Fib plays a key role as ligand for the platelet glycoprotein IIb/IIIa receptor. Such a pivotal role in platelet physiology also parallels the consistency of the results of a recent meta-analysis,13 which showed an increased CV risk for elevated Fib levels. In contrast, tHcy is one of multiple factors which results in endothelial damage and activation of cells including platelets.14 The results of prospective studies related to tHcy and CV prediction, however, have been controversial.2
The prediction of synergism between these two markers could be based on at least two theories: a) the critical interdependence of platelet activation related to tHcy and aggregation related to Fib, and b) the tHcy-induced production of tissue factor which enhances vessel-wall adhesion of the platelet-glycoprotein IIb/IIIa complex.14 The incremental elevation in HR when both high tHcy and high Fib were present beyond that when only one factor is high supports separate contributions to risk despite a reported direct Fib-induced platelet activation15 and further implicates and strengthens the singular contribution of tHcy and other platelet-activating factors. The lack of a major aspirin influence on the interplay between these 2 factors, while maintaining their independent contributions, helps emphasize alternative non-thromboxane-associated pathways toward acute coronary events.16
There are several limitations in the present study. 1) This was an observational study of a selected high-risk CV population. 2) Adjustments of the results were only made for baseline data and selected medications. 3) Finally, study-subject vital status was only assessed through the Social Security National Death Index. Therefore, no data on specific causes of death are available.
In summary, tHcy provides an additive, although not interactive, contribution to the well established future risk related to elevated fibrinogen levels. These data are consistent with the independent role of tHcy in augmenting thrombosis outside of a Fib-based mechanism. The significant predictive value of Fib and tHcy in our study when both factors are elevated (demonstrated in both cross-sectional and longitudinal evaluations) suggest value in appreciating the conjoint presence of these nontraditional variables in clinical practice.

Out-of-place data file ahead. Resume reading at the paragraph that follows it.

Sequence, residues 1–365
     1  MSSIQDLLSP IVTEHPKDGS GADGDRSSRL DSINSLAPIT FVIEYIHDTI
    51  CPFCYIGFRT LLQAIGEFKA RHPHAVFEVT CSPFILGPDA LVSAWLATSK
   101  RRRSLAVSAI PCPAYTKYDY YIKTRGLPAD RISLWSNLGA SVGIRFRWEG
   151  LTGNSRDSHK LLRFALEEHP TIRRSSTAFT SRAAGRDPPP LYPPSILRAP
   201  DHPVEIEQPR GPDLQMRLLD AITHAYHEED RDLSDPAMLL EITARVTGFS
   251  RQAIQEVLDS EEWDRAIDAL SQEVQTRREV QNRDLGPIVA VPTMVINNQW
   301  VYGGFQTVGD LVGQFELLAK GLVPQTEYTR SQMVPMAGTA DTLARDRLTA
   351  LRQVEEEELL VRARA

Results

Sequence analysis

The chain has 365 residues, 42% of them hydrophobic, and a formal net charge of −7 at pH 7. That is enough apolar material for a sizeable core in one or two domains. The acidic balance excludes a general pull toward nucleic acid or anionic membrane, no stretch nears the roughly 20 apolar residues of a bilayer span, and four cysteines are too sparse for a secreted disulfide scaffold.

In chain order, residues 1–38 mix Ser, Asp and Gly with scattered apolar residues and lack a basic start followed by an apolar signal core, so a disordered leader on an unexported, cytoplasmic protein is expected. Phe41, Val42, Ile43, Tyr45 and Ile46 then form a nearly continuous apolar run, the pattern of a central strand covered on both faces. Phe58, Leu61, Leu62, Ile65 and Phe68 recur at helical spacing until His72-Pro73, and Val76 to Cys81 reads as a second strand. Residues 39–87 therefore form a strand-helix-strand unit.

Received February 18, 2002; revision accepted April 11, 2002.
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- ↵Bombeli T, Schwartz BR, Harlan JM. Adhesion of activated platelets to endothelial cells: evidence for a GPIIbIIIa-dependent bridging mechanism and novel roles for endothelial intercellular adhesion molecule 1 (ICAM-1), alphavbeta3 integrin, and GPIbalpha. J Exper Med. 1998; 187: 329–339.
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- ↵Anderson JL, Muhlestein JB, Horne BD, Carlquist JF, Bair TL, Madsen TE, Pearson RR. Plasma homocysteine predicts mortality independently of traditional risk factors and C-reactive protein in patients with angiographically defined coronary artery disease. Circulation. 2000; 102: 1227–1232.
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- ↵Maresca G, Di Blasio A, Marchioli R, Di Minno G. Measuring plasma fibrinogen to predict stroke and myocardial infarction: an update. Arterioscler Thromb Vasc Biol. 1999; 19: 1368–1377.